Is it ever too late to start something new and exciting? To reinvent yourself or simply follow your muse?
In this post I described my fascination with those twenty-something bloggers who follow their spirit and take a big chunk out of life, early.
The topic shifted from these intrepid young explorers to people like me. Ahem … men and women of a certain age.
We possess a devilish little voice inside that often warns us to slow down and act our age. Taking time for reflection is often good, but too much life-sucking advice from that timid gremlin and you’re back on the sidelines scratching your balding pate.
If you have a yearning to do something new and exciting and you’re 35 or 65, why not just get to it? As Tom Cruise’s trusty advisor put so eloquently in that movie so many years ago, sometimes you just gotta say what the f….
Well folks, I’m having a what the f*ck moment right now.
What about you?
And what about this inspiration? Why does it come so late for many?
In this article, Malcolm Gladwell states that late bloomers create at a certain age because they simply aren’t exceptional until they have plenty of life experience. Some artists deliver brilliance when young, others master a craft later in life. A gifted whiz kid creates early while the old master spends years experimenting and starts late.
He compares a prodigy like Picasso with a classic late bloomer, Cézanne. They started painting at roughly the same age, but as an experimental learner, Cézanne sought to search and experiment. He was a perfectionist and learned by doing. Picasso had a drive to “find.”
Cézanne spent years searching in open-ended exploration while the daring young Picasso had a clear idea of where he wanted to go and simply created right out of the gate.
This helps answer the question, but maybe we should stop asking why and simply ask; why not? I mean, if inspiration strikes at age 25 more power to you, but what’s so strange about having an inspirational hot flash at 47?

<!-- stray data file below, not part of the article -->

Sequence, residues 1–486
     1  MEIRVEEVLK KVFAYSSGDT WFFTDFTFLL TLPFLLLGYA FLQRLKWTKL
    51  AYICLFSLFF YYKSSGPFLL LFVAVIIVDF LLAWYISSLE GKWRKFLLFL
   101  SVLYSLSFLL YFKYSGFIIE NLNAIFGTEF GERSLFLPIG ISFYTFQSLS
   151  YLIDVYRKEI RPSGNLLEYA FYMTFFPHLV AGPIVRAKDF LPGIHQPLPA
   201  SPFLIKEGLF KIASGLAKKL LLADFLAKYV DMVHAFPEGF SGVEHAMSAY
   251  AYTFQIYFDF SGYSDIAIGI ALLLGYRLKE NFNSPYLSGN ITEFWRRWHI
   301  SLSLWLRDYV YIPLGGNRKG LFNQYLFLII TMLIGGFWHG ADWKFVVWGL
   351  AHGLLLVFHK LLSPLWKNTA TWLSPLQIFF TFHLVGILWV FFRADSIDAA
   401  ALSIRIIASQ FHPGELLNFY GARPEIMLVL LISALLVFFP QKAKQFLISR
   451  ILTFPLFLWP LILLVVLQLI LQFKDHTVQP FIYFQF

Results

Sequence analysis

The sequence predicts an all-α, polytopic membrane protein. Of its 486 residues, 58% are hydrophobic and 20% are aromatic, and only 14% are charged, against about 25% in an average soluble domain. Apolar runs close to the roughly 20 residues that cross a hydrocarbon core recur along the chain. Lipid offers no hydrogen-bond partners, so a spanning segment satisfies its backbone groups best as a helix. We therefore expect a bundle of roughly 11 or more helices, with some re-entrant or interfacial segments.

There’s nothing strange about it, but there is a pervasive attitude that people should just act their age and youth is the time for creative exploration and change.
I think we should blow the doors off that notion. Don’t you?
Is there really any set time to create? To grow? To change?
If you have an itch, a yearning, a passion deep within you, don’t let age stop you. Don’t buy into the belief that you need to act a certain way at a certain time in your life, for you might just be the next Cézanne.
Explore. Experiment. Make things happen.
Al Smith is certainly wasting no time. He’s making things happen with The CARE Movement right now.
Cody McKibben hit his stride early, but he sure keeps pushing. All the better for people like me who feed off his energy.
These not-so-late-bloomers just might spark you to action too:
Gini Dietrich still gets nervous when she speaks before a crowd, but she pushes herself to simply do it. And you can’t argue with successes like Arment Dietrich and Spin Sucks.
Srinivas Rao often writes about being extraordinary, but he practices it too. He’s learned from his failures and doesn’t stop improving. I’d say he’s pushing the envelope.
Nancy Davis has has some hard knocks, but she keeps fighting. You might say she’s a teacher, writing about her experiences every single day, mostly for the benefit of others.
And me? Well, why don’t you join me for the ride. Believe me, there’s much more to come.
How about you? If you started late I want to hear about it.
Do you think social media is a great platform for this type of change?
Who out there inspires you to change?